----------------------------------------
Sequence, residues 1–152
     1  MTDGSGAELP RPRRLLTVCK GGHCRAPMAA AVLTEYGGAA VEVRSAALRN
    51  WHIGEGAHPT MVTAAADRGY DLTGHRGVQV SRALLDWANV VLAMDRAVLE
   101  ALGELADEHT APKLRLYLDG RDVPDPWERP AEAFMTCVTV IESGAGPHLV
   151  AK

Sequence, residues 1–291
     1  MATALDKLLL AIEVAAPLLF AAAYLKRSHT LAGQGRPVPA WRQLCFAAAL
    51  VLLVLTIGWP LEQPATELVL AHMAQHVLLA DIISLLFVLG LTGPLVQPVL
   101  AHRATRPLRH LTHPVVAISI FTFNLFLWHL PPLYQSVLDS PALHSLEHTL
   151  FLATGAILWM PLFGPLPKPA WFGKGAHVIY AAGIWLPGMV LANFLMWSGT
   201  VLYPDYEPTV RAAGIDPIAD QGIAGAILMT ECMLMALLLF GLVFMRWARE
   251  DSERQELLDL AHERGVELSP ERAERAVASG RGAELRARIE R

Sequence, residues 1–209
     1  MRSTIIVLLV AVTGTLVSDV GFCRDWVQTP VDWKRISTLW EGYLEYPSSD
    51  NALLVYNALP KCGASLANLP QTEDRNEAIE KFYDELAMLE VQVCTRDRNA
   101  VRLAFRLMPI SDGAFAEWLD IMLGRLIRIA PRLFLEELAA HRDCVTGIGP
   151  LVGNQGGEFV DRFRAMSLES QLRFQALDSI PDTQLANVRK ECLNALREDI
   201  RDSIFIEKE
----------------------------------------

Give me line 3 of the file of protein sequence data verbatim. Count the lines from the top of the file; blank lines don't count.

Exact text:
    51  WHIGEGAHPT MVTAAADRGY DLTGHRGVQV SRALLDWANV VLAMDRAVLE